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By: Katie Burns   Date: 8/1/11

Registered dietitians are aware of the science behind the 2010 Dietary Guidelines for Americans and are knowledgeable of the impact poor diet can play on one’s health, but an important component of food and health that is often overlooked or oversimplified is food safety.  A significant public health issue, the Centers for Disease Control and Prevention estimates that there are 48 million illnesses, 128,000 hospitalizations and 3,000 deaths per year in the United States related to foodborne illness. 

Food safety doesn’t strengthen your bones; it won’t help manage your weight, nor will it help you run faster and jump higher.  However, it does play an important role in disease prevention and overall health and wellness.  Unfortunately, the IFIC Foundation 2011 Food & Health Survey has shown a steady decline in safe food handling practices by consumers:

• CLEAN: Only about 80% of Americans report washing their hands with soap and water  and only 71% report washing cutting boards when preparing food or getting ready to eat;
• SEPARATE: Less than two-thirds of Americans separate raw foods from ready-to-eat foods, and only about half use different cutting boards for each product.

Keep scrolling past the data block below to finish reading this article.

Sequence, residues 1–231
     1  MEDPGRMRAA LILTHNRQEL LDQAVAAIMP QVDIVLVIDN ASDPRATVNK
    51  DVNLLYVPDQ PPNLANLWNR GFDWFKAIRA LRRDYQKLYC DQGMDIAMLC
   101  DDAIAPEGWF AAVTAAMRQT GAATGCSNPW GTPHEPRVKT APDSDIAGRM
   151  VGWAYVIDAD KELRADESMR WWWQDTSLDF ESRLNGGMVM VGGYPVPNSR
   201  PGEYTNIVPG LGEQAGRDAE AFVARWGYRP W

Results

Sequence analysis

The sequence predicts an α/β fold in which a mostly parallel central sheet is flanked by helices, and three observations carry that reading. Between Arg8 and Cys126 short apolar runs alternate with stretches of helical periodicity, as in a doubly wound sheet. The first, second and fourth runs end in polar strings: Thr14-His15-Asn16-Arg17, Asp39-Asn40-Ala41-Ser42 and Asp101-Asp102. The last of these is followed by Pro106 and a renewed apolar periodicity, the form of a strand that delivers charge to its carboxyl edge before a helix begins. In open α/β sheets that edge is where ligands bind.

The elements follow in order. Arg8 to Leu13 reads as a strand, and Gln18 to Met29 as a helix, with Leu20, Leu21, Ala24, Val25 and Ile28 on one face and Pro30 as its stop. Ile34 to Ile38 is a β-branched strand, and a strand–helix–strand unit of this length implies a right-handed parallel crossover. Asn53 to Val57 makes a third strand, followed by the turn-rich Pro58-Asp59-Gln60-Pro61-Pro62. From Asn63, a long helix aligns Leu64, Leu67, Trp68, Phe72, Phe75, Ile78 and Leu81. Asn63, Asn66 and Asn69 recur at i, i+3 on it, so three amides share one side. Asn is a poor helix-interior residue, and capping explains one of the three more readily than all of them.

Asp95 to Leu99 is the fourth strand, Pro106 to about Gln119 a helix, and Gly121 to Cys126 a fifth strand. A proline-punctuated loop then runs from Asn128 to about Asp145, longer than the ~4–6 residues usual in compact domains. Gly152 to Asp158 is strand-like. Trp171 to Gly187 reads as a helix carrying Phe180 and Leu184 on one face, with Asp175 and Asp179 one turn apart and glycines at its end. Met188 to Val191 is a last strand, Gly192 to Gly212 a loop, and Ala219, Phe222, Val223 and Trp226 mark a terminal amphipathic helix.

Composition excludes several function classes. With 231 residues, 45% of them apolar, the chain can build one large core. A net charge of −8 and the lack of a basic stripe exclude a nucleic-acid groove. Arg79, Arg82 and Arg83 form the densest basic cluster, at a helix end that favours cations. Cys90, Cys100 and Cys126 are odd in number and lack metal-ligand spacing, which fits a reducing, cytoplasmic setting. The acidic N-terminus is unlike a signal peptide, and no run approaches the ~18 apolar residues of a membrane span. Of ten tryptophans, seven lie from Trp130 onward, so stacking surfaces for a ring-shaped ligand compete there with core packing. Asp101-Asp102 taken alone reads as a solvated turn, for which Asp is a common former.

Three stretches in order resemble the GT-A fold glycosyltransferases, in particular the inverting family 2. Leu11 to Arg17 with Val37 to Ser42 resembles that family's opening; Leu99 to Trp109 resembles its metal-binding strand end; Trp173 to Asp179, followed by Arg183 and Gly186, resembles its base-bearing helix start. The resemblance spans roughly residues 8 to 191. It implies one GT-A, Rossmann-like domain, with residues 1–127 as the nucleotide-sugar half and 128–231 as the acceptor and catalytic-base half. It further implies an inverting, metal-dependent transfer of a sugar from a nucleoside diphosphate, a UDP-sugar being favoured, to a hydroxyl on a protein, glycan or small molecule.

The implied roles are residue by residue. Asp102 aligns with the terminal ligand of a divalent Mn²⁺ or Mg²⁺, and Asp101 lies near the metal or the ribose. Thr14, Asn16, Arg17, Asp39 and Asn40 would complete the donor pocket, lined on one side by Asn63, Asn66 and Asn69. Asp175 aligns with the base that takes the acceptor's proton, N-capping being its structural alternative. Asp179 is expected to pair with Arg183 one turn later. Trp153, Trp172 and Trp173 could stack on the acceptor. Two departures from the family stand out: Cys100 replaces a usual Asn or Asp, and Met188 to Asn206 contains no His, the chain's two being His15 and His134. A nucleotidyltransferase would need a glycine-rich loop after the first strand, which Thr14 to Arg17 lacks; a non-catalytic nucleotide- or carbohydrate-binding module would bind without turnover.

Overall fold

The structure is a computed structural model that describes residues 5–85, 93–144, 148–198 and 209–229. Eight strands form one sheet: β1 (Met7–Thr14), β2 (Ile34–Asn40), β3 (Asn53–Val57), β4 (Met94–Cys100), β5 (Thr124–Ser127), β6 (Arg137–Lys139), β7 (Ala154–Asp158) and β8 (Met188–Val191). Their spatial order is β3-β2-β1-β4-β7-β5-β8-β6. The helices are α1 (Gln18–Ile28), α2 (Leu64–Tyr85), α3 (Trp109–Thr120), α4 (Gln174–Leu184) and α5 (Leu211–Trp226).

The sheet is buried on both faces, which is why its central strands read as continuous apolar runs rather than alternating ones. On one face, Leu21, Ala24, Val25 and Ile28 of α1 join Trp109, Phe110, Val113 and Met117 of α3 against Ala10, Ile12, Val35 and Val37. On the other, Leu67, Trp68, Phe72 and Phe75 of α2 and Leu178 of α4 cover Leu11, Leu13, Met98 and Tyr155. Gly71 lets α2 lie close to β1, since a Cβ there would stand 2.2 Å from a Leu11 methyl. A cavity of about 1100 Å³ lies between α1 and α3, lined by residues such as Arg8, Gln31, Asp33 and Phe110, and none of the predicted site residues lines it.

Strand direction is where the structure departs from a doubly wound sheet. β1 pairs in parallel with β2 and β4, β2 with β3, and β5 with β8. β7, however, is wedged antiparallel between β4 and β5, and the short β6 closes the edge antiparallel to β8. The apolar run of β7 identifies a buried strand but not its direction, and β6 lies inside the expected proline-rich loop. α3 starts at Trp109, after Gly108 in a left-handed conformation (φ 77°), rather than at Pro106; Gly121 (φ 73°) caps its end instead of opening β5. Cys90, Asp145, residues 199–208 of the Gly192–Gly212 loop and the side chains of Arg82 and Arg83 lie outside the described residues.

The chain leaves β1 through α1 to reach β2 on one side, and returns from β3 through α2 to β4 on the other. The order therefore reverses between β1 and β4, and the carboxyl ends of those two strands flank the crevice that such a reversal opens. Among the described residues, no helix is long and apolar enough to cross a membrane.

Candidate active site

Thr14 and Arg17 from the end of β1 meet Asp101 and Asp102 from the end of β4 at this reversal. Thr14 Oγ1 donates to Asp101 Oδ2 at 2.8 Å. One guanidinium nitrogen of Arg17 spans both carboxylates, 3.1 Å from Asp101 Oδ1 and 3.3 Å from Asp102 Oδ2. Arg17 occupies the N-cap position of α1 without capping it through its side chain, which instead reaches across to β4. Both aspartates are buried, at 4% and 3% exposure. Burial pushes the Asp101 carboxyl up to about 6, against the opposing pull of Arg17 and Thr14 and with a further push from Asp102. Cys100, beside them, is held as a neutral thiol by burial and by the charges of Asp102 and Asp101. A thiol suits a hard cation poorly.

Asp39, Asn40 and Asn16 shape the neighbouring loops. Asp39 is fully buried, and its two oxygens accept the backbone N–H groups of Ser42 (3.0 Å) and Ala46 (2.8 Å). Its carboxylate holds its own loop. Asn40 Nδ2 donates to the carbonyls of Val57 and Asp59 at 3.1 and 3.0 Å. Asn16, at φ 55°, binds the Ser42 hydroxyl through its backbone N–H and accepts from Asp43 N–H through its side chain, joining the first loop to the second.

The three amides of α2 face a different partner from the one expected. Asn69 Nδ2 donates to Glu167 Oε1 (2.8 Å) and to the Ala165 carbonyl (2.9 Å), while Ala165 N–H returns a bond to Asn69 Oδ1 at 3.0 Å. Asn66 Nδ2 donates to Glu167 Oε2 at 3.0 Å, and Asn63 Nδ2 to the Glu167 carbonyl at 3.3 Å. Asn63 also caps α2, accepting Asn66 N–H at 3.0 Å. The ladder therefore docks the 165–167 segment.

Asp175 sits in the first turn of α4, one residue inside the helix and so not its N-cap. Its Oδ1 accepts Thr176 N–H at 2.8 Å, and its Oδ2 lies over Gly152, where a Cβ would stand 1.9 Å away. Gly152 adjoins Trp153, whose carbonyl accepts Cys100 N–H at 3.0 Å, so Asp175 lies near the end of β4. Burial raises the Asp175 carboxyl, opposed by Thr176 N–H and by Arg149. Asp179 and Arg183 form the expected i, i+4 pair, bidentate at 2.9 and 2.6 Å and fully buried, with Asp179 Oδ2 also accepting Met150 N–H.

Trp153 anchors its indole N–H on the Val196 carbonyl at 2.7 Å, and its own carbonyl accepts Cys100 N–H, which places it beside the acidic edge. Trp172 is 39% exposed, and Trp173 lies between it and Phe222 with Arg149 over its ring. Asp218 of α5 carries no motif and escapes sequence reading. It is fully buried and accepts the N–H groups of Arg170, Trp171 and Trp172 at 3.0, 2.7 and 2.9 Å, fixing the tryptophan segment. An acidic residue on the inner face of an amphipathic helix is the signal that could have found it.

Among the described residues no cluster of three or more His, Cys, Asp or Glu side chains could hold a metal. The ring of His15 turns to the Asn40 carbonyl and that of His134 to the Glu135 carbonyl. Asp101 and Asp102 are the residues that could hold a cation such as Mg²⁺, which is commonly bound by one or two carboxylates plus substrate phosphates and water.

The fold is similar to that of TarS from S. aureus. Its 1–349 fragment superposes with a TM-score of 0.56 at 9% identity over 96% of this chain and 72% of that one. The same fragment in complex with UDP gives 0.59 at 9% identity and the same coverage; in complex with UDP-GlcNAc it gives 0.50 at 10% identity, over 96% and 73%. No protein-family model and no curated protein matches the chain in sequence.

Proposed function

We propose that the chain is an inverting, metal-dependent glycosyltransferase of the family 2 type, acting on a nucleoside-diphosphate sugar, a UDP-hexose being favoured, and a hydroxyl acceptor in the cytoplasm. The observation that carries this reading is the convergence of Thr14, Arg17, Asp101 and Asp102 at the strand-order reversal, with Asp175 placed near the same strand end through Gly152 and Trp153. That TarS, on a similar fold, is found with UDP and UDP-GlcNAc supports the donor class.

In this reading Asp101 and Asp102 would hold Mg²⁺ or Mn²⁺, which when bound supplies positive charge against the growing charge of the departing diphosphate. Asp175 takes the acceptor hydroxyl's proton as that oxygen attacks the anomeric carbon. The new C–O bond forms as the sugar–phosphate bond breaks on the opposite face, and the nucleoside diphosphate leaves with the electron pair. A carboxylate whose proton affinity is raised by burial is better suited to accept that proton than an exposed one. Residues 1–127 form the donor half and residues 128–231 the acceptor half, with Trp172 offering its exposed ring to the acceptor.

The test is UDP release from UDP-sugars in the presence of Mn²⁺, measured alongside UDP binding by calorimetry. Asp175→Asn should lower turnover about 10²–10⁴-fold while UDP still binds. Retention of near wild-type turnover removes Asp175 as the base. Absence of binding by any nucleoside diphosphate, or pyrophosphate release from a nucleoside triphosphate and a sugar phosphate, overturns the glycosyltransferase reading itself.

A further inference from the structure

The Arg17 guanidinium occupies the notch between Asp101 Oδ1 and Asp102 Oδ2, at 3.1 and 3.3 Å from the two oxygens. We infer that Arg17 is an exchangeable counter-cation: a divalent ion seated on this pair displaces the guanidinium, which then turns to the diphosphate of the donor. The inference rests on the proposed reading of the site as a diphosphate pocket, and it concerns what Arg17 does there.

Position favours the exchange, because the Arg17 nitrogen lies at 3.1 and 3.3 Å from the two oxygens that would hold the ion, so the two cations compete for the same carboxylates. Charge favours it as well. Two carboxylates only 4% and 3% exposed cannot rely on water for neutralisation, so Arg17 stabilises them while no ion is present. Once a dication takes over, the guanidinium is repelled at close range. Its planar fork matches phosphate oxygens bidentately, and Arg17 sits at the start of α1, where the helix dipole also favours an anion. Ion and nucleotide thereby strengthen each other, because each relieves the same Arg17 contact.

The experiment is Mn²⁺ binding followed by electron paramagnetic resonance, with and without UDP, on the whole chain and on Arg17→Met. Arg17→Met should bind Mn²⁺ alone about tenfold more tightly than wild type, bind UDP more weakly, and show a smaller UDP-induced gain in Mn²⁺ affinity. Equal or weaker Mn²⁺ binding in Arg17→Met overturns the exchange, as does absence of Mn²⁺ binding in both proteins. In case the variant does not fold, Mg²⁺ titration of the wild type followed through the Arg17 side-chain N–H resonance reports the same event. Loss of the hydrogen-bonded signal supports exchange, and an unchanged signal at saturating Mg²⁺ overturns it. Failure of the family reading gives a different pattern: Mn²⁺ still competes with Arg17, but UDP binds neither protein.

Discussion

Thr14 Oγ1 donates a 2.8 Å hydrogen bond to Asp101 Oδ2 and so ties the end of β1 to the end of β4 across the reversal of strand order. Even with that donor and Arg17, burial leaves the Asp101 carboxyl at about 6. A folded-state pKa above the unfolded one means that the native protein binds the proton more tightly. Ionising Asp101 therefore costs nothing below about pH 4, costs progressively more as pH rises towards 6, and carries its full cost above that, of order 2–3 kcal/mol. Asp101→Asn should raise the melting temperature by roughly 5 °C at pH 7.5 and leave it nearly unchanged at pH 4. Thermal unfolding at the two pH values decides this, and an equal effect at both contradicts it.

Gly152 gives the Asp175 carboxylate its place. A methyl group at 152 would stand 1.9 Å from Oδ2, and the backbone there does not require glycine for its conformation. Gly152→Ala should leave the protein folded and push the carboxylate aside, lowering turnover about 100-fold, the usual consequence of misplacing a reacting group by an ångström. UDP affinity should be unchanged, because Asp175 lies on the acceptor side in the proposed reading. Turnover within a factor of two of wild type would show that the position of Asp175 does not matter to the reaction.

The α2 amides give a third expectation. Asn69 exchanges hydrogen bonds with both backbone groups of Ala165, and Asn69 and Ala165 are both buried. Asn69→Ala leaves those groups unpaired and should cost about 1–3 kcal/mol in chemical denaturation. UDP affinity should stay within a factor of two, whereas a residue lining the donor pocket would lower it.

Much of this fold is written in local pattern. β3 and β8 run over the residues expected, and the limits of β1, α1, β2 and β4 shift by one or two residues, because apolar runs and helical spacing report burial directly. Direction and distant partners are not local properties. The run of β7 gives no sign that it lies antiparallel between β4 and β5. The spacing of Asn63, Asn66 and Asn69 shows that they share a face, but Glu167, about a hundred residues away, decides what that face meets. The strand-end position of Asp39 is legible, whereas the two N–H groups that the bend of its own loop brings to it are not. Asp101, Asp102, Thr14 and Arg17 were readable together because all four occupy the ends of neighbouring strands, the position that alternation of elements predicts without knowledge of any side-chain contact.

• COOK: While 68% of Americans indicate they cook their food to the required temperature, less than 30% report using a food thermometer to check the food’s doneness.
• CHILL: Nearly 70% of Americans report storing leftovers within two hours of serving.

While the majority of Americans are not seeking out registered dietitians to learn about food safety, only 2% stated they had received food safety information from a registered dietitian, according to the 2011 Food & Health Survey,  the basic food safety practices of “clean, separate, cook and chill” can easily be attached to nutrition messages.  After all, “food isn’t nutritious unless it’s safe!”

• Enjoy your food. 
     o CLEAN: When you’re getting ready to eat or make a meal, wash your hands with soap and water.  You’ll enjoy your food so much more knowing you’ve taken a step to keep it safe, plus it will allow you to slow down and think about the food you’re about to eat—just one more way to be mindful about what you eat!

• Make half your plate fruits and vegetables.
     o SEPARATE: When preparing your meal, keep raw meat, poultry, seafood and eggs (and their juices) away from ready-to-eat    foods like fruits and vegetables.

• Choose lean or low-fat meat and poultry.
     o COOK: When preparing your meat or poultry dish, use a food thermometer to determine when it has reached a safe internal temperature (high enough to kill the harmful bacteria that cause foodborne illness).  This will prevent you from over-cooking it and will keep you safe! Visit the Partnership for Food Safety Education for a list of safe internal temperatures.

• Eat less and avoid oversized portions.
     o CHILL: After serving the first helping, put leftovers into containers and refrigerate.  This helps avoid the growth of the bacteria that causes foodborne illness and also keeps you from going back for seconds!

These are just a few practical ways to incorporate food safety into the basic nutrition messages of the 2010 Dietary Guidelines.  What are some other ways to make food safety fun and interesting?


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